Globalization is No Longer a Force for Good

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Yesterday, we were full of doubts…

But today, we’re not so sure…

Ah, that’s the trouble with growing older. You lose your dreams and youth. You lose your bearings too. We had lunch in the House of Lords yesterday, with our old friend Lord Rees-Mogg, who turns 80 next month. But more on that in a moment…let’s first turn to the financial news.

Today’s big headline concerns Fed chief Ben Bernanke. According the Financial Times , he broke with long standing tradition in order to express himself on the dollar yesterday. Alas, the fall of the greenback has “contributed to the unwelcome rise in import prices and consumer-price inflation,” he said to an international banker’s forum.

The headman at the Fed may want a stronger dollar…or a weaker one; it’s usually not his place to say so. That’s what the Treasury Secretary is for. Henry Paulson, of course, says the same thing; the United States wants a strong dollar. But nobody believes him. Investors seemed to take Mr. Bernanke more seriously.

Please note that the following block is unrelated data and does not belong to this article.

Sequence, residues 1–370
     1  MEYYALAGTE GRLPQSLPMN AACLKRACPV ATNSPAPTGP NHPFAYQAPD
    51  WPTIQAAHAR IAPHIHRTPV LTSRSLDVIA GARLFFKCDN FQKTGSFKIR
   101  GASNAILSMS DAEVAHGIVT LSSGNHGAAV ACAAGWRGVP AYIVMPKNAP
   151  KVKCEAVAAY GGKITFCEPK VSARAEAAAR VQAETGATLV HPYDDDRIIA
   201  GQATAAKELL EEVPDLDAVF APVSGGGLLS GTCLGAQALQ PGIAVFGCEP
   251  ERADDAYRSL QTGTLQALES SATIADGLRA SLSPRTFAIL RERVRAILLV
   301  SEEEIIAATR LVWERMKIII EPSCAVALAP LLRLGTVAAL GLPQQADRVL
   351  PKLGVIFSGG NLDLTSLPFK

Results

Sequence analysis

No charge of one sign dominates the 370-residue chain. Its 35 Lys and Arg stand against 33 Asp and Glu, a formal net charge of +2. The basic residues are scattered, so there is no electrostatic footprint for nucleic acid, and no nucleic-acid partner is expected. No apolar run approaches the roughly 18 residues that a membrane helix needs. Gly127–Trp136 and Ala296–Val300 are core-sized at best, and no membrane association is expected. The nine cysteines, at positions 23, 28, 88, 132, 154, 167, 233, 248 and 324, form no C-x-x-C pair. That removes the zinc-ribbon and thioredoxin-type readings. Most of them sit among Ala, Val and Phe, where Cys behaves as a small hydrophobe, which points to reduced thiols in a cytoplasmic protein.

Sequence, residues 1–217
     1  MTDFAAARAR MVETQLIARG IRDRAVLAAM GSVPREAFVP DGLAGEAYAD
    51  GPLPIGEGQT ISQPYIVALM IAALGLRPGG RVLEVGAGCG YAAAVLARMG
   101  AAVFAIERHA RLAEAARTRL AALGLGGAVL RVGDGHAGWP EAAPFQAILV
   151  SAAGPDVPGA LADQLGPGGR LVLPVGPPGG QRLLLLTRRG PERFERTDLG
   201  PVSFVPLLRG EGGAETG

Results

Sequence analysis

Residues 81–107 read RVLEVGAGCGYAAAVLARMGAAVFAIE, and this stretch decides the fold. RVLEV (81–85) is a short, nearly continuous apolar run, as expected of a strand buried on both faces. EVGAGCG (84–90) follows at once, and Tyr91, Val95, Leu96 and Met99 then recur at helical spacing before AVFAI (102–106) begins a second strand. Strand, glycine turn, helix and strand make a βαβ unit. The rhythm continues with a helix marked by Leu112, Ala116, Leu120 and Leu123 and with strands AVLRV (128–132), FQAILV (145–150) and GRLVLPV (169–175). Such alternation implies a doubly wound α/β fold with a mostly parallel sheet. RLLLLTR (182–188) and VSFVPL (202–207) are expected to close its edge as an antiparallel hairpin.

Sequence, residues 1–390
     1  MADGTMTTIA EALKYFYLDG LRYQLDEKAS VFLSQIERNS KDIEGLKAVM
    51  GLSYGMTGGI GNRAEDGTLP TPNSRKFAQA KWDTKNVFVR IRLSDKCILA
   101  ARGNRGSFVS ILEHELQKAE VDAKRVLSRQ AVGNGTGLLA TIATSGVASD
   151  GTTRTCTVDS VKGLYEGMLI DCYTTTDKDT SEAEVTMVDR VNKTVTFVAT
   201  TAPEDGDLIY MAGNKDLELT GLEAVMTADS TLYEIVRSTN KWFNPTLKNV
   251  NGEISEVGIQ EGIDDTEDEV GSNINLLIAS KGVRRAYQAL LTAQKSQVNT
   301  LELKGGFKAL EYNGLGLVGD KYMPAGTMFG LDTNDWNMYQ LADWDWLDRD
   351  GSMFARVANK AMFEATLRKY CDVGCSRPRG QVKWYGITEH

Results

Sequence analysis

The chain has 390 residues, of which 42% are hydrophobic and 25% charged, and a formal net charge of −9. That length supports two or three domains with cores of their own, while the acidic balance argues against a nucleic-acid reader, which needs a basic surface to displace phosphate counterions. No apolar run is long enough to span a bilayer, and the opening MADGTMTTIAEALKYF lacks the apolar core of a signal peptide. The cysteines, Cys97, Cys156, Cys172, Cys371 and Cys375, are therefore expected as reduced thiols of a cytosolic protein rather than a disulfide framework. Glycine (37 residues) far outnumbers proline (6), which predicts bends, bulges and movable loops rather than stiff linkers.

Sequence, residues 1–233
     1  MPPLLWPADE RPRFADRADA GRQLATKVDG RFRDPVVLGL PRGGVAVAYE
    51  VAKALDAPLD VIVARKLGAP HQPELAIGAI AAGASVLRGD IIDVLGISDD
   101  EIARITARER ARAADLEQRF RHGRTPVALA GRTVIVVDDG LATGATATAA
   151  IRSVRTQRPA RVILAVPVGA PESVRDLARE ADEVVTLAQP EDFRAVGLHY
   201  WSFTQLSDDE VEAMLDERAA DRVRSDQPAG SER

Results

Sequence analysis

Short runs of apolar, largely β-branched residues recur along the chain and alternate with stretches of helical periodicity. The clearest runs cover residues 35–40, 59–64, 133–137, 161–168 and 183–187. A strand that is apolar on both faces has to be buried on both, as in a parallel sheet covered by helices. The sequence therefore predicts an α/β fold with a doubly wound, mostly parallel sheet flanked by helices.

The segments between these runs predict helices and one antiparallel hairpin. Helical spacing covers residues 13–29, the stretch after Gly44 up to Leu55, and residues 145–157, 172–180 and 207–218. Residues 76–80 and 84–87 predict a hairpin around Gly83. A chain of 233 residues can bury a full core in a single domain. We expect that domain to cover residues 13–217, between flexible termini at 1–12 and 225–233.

Stock market investors sold shares and drove the Dow down 101 points. Over in the oil market, the black goo sank $3.45. And gold, too, was sold on the news…it sank $11 to $885.

But let’s think about this. What could the Fed do to protect the dollar? Easy…it could raise interest rates. But if the Fed wanted to protect the dollar, why has it waited so long? The greenback has lost about half its value since 2000, why didn’t it try to protect it sooner?

Ah, dear reader…the plot has become a bit confused. Let’s see if we can remember it.

In the 15-year period known as the “Great Moderation” central banks could increase their supplies of money 2, 3, 5 times as fast as GDP growth. Normally, this would cause inflation. But it didn’t, because globalized markets…along with a few other key trends…we’re holding consumer prices down. So, the inflationary money went into asset bubbles…dotcoms, houses, and the financial industry.